We’re living through unprecedented times. Covid-19 has highlighted a timeless human struggle about uncertainty. We cannot tolerate not knowing.
We crave certainty. We like predictability. We strive for control by putting people and issues into two categories: good or bad, right or wrong, moral or amoral, beautiful or ugly, yes or no, black or white. It’s seems so easy to manage our life this way; just pick between two choices.
Unfortunately, the world is entirely made of up of varying shades of gray. Almost every person, issue, or problem is nuanced. We are incredibly complicated creatures and we create extremely complex problems! We couldn’t possibly fit ourselves or our world into clean, tiny, little boxes of good or bad. Damn, if we don’t give it a try though!
Almost all my clients over the past 18 years have been black and white thinkers. Polarized thinking is actually what lands most of them in my office. We’ve been culturally indoctrinated to believe that we’re supposed to feel “happy” or “good” all the time and when we don’t, there’s something wrong with our world, and we better fix it. Sometimes that’s true, but more often, it’s the inability to accept feeling momentarily uncomfortable. The in-between, unknown, uncertain moments are the hardest. I’ve spent most of my career as a therapist trying to help people, not just live in the gray, but embrace it. There are times when life requires action and other times that life requires patience and a new perspective.
This pandemic has brought laser focus to the inherent problem of polarized thinking. We want answers and we want them right now. Our lives are being turned upside down and inside out. For the love of god, could someone just tell us what to do?! Could we please get some clear answers without contradictions? Could we all just get on the same page and do the same thing?
Since there are no exact answers, we try to create certainty for ourselves. We pick a team, put on our jersey and defend our position. There’s a question, and there can only be two possible choices-kindly pick one. People vs. Economy, Safety vs. Fear, This Scientist vs. That Scientist...you get the picture. Except maybe it’s not that easy. Maybe there’s the gray-the space where we have to hold all the options as possibilities.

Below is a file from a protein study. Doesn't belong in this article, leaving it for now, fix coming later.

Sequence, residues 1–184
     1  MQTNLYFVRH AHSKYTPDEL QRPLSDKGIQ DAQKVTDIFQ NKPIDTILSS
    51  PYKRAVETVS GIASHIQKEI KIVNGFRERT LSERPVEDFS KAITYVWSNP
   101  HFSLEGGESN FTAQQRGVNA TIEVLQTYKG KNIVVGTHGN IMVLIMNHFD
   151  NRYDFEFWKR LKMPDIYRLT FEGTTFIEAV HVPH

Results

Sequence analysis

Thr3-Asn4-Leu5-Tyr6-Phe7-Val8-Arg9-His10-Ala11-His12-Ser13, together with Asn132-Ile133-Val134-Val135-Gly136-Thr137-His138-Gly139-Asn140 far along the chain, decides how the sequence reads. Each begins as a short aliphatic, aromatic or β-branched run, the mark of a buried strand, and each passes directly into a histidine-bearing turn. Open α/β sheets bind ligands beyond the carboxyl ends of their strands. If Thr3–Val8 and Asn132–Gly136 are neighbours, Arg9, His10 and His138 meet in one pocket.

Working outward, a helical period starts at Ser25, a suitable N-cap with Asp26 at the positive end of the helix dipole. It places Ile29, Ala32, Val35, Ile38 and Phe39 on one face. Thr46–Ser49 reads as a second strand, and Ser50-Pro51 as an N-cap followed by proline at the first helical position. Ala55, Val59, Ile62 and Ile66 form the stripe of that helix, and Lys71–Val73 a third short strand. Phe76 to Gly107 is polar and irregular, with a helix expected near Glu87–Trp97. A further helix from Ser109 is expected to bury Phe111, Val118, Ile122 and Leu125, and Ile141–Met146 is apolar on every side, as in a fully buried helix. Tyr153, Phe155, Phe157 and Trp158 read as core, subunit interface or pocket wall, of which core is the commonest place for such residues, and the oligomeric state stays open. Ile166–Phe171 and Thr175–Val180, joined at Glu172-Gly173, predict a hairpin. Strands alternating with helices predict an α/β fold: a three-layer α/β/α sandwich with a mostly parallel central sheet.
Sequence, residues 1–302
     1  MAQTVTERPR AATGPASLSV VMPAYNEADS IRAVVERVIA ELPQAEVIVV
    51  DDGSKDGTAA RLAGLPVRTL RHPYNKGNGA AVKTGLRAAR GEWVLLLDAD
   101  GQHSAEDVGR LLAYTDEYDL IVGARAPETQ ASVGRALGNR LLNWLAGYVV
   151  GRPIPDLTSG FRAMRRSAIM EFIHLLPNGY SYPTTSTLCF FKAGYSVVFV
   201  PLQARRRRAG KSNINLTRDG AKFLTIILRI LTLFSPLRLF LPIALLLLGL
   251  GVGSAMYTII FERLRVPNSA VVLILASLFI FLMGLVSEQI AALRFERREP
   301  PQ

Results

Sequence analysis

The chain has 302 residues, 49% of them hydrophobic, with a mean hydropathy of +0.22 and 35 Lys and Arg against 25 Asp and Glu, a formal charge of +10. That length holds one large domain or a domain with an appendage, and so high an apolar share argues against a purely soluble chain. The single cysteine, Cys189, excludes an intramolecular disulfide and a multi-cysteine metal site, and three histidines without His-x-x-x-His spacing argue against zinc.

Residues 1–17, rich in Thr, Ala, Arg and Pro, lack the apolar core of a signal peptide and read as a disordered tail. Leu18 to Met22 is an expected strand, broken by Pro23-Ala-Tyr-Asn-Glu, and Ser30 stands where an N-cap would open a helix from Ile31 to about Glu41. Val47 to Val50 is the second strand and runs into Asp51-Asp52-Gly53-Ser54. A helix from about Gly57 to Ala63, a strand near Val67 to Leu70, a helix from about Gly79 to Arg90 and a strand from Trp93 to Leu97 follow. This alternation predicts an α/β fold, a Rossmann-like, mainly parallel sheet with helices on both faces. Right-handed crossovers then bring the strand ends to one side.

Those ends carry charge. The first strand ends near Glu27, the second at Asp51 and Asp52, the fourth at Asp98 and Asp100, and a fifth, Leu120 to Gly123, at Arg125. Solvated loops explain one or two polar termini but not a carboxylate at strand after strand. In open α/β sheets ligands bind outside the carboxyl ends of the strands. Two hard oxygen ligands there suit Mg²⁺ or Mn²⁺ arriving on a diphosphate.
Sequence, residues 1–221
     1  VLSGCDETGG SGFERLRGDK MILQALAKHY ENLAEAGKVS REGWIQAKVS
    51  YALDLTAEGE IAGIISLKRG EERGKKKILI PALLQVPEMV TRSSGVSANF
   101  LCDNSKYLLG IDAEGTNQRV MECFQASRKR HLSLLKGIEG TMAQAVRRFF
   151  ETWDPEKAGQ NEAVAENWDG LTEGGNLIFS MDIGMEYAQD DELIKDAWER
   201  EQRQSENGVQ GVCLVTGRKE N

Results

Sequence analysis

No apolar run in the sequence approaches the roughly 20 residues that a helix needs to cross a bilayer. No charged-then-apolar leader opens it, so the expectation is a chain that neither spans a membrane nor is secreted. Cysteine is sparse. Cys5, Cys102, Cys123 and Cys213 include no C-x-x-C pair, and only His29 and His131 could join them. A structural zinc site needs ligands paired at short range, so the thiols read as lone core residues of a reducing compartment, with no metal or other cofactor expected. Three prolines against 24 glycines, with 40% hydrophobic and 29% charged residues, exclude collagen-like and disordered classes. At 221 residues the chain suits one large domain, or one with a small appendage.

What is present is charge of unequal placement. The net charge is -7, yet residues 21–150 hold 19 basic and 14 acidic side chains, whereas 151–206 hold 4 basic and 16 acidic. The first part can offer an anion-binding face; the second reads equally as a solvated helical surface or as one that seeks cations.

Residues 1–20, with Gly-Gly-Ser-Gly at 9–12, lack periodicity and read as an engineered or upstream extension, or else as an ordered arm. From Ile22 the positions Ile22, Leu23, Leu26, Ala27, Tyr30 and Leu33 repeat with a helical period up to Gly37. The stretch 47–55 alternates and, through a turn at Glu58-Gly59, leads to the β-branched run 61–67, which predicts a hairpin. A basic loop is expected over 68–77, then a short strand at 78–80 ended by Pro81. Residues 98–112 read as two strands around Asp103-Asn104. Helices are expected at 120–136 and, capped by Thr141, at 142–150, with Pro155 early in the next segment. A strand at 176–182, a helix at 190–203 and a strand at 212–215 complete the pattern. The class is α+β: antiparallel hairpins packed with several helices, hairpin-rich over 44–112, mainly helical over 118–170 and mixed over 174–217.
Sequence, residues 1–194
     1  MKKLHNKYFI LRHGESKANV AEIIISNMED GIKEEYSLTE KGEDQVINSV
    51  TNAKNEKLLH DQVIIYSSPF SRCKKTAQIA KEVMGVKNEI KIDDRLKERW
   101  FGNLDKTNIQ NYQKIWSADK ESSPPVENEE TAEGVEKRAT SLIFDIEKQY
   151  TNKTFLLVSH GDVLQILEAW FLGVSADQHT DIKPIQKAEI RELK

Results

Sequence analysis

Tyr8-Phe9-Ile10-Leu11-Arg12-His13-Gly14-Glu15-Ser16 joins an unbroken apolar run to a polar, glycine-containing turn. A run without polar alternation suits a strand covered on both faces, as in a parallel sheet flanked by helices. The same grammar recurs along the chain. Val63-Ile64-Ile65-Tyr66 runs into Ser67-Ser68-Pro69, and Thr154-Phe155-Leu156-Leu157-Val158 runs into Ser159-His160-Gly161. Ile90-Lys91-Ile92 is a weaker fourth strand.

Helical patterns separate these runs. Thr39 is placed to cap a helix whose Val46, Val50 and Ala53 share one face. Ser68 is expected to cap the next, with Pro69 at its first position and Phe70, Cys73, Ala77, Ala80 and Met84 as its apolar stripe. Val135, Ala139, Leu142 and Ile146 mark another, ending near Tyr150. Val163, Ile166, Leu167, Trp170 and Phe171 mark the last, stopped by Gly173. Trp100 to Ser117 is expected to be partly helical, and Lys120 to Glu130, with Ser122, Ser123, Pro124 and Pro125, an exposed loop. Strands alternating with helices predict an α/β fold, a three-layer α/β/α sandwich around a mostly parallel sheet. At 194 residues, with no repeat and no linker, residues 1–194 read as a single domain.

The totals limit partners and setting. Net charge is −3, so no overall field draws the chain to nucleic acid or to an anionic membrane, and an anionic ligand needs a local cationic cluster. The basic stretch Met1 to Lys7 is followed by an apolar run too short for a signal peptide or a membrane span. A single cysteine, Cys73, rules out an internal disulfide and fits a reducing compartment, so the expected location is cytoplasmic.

If you’ve never had the mind-numbing experience of taking a college research and statistics class, or reading actual scientific literature, you might not fully understand how research works. Here’s my incredibly simple description: Scientific research is a long, arduous process defined by very specific criteria. You have to decide what to study, define all the minute details of your methodology-how, who, when, for how long, under what circumstances, what variable will stay the same, what variable will be different, etc.
You then have to perform the experiment and document all the results. You have to do all this in a way that can be replicated by other scientists. At the end of your research, you write up the results and include a section for what questions this specific study may have answered and what questions need further research. It’s only after several research studies have come to the same conclusion, using all the same methodology, that we can safely call something a “fact.” This process takes years. How long have we known about Covid-19? Six months-max? I have food in my pantry older than that.
So, what do we know about this virus right now? Not a whole heck of a lot! And what we think we know based on preliminary research, will change next week when new research comes out. That’s how this whole thing works. It’s very gray in the beginning stages. Not because anyone is trying to fool you, but because the process works that way.
If you’re a black and white thinker, you’ve possibly come to the conclusion that the government is lying to us or they have no idea what they’re doing because the information keeps changing and therefore, they shouldn’t be trusted. Or maybe you decided any public place is completely off limits for the next year. How can we make decisions based on a moving target? Not knowing is incredibly anxiety -provoking.
On the other hand, you may have watched some YouTube videos of doctors who are handing you certainty. Certainty feels good. They must know the truth. I’ll believe them, because I have to believe something concrete. When I know what to believe there’s a clear path forward. Everyone else is blindly following a corrupt government. I know the truth. I feel empowered and momentarily less anxious. I also feel angry and resentful. I see the world as “out to get me.” Inevitably, you will feel more anxious in the long run.